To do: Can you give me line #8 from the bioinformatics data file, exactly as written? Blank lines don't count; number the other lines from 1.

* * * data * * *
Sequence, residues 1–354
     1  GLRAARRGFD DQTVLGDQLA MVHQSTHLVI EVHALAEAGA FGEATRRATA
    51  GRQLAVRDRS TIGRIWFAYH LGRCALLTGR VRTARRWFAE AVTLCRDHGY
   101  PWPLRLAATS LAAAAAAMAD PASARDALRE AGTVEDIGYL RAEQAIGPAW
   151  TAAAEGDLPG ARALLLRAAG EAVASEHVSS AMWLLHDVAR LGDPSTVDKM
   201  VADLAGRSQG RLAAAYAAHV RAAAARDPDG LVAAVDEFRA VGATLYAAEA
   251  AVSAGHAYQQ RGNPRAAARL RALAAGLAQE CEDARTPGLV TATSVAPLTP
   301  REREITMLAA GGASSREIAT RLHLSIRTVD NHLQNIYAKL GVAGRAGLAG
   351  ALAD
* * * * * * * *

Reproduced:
   301  REREITMLAA GGASSREIAT RLHLSIRTVD NHLQNIYAKL GVAGRAGLAG